SaabSS
14th November 2011, 11:27 PM
I stand corrected it isn't SS. Good advice I'll change that out tomorrow, don't need to be chewing up metal flakes!

John Z Williams
14th November 2011, 11:44 PM
I liked the performance of the lower cai, but did put it back up top just to be safe, could not afford another 1300 turbo.

If I were to do it again, I would enclose the conical filter in a box or housing, make a box somehow and fiberglass it after forming it up with cardboard and then I would also use one of those [email protected] covers that keep out moisture and small particles.

Its a great idea, you just need to make sure you do not suck up any sand or road debri like I did,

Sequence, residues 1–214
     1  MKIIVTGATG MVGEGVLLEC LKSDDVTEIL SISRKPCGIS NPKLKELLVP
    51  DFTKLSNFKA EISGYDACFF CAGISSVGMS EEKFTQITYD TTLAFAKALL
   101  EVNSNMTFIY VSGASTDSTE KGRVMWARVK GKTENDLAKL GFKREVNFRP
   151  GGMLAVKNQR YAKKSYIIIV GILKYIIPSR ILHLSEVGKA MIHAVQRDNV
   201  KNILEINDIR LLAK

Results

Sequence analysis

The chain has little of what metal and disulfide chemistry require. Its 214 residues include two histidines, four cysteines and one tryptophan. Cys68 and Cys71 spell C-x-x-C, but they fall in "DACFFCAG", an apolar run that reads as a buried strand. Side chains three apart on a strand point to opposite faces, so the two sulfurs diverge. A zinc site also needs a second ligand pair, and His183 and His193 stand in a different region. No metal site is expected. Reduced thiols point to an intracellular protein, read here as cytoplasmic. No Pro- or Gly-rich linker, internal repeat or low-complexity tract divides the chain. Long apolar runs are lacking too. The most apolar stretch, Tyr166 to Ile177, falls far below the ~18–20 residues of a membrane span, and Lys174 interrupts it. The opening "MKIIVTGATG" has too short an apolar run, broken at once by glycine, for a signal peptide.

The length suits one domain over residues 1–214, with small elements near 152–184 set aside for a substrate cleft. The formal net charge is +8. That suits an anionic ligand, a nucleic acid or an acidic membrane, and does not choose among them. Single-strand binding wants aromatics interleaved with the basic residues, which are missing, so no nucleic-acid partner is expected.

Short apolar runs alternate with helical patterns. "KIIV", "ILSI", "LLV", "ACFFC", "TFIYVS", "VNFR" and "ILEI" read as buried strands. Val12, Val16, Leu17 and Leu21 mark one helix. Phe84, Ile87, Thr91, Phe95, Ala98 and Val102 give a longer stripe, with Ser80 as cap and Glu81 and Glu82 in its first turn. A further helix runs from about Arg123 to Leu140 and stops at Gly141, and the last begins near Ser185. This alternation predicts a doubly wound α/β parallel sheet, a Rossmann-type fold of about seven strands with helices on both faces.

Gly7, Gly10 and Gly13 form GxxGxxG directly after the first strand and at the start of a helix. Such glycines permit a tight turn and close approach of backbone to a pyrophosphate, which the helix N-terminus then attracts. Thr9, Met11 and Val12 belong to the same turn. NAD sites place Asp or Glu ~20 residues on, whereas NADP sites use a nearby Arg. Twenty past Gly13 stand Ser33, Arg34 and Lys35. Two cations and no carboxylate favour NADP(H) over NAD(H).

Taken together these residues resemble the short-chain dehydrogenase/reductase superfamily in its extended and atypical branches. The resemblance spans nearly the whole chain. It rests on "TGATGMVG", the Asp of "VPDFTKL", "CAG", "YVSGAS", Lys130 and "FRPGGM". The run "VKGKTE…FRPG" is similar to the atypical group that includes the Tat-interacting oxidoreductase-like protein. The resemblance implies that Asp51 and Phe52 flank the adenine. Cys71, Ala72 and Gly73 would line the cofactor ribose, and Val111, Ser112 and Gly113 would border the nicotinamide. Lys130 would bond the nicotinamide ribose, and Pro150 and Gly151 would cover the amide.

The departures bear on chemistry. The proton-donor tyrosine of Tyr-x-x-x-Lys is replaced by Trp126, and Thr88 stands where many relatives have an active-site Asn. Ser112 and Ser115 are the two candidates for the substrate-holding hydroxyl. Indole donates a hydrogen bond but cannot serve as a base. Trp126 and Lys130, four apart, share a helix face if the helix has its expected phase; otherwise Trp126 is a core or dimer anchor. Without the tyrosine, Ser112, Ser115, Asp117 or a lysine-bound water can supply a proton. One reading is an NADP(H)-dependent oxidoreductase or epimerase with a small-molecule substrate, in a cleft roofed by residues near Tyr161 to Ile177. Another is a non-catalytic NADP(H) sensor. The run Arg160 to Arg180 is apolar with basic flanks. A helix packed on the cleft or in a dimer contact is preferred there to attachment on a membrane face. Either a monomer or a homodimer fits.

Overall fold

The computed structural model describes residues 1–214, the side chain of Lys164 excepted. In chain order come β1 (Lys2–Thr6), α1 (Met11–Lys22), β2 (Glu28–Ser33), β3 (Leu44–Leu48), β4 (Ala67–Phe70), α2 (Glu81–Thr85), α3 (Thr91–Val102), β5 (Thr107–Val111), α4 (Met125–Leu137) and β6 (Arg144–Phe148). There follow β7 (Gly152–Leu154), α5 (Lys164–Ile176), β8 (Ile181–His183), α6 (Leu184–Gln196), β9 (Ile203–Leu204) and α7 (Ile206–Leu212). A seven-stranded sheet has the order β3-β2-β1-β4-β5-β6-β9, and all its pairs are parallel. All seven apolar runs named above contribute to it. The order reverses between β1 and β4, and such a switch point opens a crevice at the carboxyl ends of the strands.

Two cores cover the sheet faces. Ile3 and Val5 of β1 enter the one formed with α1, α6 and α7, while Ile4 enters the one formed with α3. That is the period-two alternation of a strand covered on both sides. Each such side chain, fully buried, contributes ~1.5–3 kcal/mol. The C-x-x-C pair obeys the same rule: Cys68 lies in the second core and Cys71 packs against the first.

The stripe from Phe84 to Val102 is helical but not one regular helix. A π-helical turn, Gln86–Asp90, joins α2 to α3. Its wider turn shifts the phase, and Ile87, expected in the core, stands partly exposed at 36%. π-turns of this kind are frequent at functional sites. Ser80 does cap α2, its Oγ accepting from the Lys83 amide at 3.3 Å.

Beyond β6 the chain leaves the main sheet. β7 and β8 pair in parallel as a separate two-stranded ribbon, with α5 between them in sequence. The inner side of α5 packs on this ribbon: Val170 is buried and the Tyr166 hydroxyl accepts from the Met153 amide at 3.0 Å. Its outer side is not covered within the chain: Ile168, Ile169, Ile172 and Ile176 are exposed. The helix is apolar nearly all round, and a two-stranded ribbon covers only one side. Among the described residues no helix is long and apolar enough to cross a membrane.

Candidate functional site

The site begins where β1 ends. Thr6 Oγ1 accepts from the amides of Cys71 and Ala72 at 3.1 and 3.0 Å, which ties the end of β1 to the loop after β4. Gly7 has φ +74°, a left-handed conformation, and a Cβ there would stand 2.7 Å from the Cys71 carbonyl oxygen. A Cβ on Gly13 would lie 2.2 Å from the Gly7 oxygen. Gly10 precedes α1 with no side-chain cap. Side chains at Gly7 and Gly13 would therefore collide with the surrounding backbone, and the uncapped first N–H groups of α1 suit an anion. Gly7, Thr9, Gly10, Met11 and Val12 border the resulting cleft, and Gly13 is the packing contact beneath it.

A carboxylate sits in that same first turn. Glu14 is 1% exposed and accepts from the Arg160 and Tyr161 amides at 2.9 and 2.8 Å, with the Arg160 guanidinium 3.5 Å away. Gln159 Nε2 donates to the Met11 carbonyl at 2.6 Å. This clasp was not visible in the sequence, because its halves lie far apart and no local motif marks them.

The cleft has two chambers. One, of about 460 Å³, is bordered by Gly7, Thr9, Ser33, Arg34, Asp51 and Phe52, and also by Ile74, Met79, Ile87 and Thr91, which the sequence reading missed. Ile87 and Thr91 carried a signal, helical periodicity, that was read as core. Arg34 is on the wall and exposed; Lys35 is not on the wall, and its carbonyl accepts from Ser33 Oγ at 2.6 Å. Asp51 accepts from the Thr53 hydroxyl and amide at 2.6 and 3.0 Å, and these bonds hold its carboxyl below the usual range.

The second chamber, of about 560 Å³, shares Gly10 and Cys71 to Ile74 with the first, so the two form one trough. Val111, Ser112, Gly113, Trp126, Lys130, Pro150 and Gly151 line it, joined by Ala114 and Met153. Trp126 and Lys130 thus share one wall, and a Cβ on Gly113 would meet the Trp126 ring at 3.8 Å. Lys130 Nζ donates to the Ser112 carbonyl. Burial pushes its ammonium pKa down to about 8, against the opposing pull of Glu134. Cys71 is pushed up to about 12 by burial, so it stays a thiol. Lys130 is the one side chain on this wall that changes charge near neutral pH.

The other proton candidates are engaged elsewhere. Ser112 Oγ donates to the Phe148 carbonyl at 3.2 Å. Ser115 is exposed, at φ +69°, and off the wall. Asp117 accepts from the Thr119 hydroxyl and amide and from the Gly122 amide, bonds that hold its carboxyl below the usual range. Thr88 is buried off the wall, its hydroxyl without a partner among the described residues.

John

SaabMick
15th November 2011, 08:12 AM
If I were you, I'd just back it up closer to the outlet into the fender, basically have the larger diameter/intake piped end directly concentric with the cutout coming from the engine bay. That way you're up and out of the way more of road debris, plus you're still only sucking in "outside" air. Just a thought.

TunnanXWD
15th November 2011, 09:12 AM
I think the point here on the water is that you are now operating in an area of a lot of spray that is thrashed and churned by the tires.

But of course, then why go with water injection? :cheesy:

Sorry, I got confused and ended up peeing in the pond. :confused:

So, you end up with ambient temp, altitude, humidity and can you control boost, bends or crinkles in the pipes to the intake and what else did I miss? There used to be a "rule of thumb", that the best thing for power was being at sea level on a humid day with the temp at 33 degrees ... or some superstition like that.